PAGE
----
It was as if she was “tripping out,” jumping abruptly from one subject to another.
Fashion seems to leave some accomplished women tongue-tied or tripping over their own words.
We could find Waldo anywhere while tripping—like beneath a fingernail or inside our eyelid.
Aubry is tripping but for Martinez to beat him up like that is just ugly for all sides.
Since Anonymous actually does pull off legitimate hacks on occasion, journalists are tripping over themselves to break them.
He had often seen her tripping up those stairs, and had, almost as often, followed her with his quicker feet.
Yes, there was Miss Lucindy, tripping happily across the level field.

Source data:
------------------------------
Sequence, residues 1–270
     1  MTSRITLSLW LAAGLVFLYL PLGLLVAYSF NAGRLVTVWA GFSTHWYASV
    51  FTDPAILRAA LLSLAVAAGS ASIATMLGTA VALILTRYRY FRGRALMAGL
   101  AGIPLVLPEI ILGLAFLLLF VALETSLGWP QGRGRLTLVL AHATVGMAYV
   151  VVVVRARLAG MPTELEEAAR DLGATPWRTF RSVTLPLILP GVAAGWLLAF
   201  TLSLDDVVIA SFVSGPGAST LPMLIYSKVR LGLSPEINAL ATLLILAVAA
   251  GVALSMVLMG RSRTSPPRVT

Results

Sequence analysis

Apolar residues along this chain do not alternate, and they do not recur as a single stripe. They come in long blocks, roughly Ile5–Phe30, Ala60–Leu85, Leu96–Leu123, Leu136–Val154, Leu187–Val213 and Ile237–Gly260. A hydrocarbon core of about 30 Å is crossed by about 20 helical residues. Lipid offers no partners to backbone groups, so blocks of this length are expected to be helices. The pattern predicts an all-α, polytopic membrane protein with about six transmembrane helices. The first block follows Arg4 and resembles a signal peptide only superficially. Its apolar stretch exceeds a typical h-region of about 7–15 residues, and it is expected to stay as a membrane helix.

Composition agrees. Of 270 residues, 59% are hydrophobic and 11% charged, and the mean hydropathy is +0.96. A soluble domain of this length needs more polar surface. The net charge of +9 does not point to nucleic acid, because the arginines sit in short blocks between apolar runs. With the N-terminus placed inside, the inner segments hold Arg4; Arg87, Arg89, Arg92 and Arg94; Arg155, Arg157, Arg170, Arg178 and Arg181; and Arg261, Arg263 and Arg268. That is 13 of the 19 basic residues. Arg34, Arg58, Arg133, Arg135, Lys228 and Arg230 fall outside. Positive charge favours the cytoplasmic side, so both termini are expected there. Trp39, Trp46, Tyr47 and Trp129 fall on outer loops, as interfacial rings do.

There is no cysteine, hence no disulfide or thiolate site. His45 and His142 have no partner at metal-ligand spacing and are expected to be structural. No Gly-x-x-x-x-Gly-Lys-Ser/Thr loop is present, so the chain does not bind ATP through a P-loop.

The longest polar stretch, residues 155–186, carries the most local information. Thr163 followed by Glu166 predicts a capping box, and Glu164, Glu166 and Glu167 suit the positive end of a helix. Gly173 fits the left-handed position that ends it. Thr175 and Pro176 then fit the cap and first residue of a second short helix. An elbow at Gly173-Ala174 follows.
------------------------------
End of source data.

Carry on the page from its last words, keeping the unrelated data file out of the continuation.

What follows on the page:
She started, then stumbled backward, tripping in her long train.
She had tripping steps and dainty kicks that went well with the melody.
Waving her fan, and tripping over the pavement like a wag-tail, she came directly towards the disputants.
late 14c. (implied in tripper), "tread or step lightly, skip, caper," from Old French tripper "strike with the feet" (12c.), from a Germanic source (cf. Middle Dutch trippen "to skip, trip, hop," Low German trippeln, Frisian tripje, Dutch trappen, Old English treppan "to tread, trample") related to trap.
The sense of "strike with the foot and cause to stumble" is first recorded early 15c. Meaning "to release" (a catch, lever, etc.) is recorded from 1897; trip-wire is attested from 1916. Related: Tripped; tripping.
"act or action of tripping," 1650s, from trip (v.); sense of "a short journey or voyage" is from 1690s, originally a nautical term, the connection is uncertain. The meaning "psychedelic drug experience" is first recorded 1959 as a noun; the verb in this sense is from 1966, from the noun.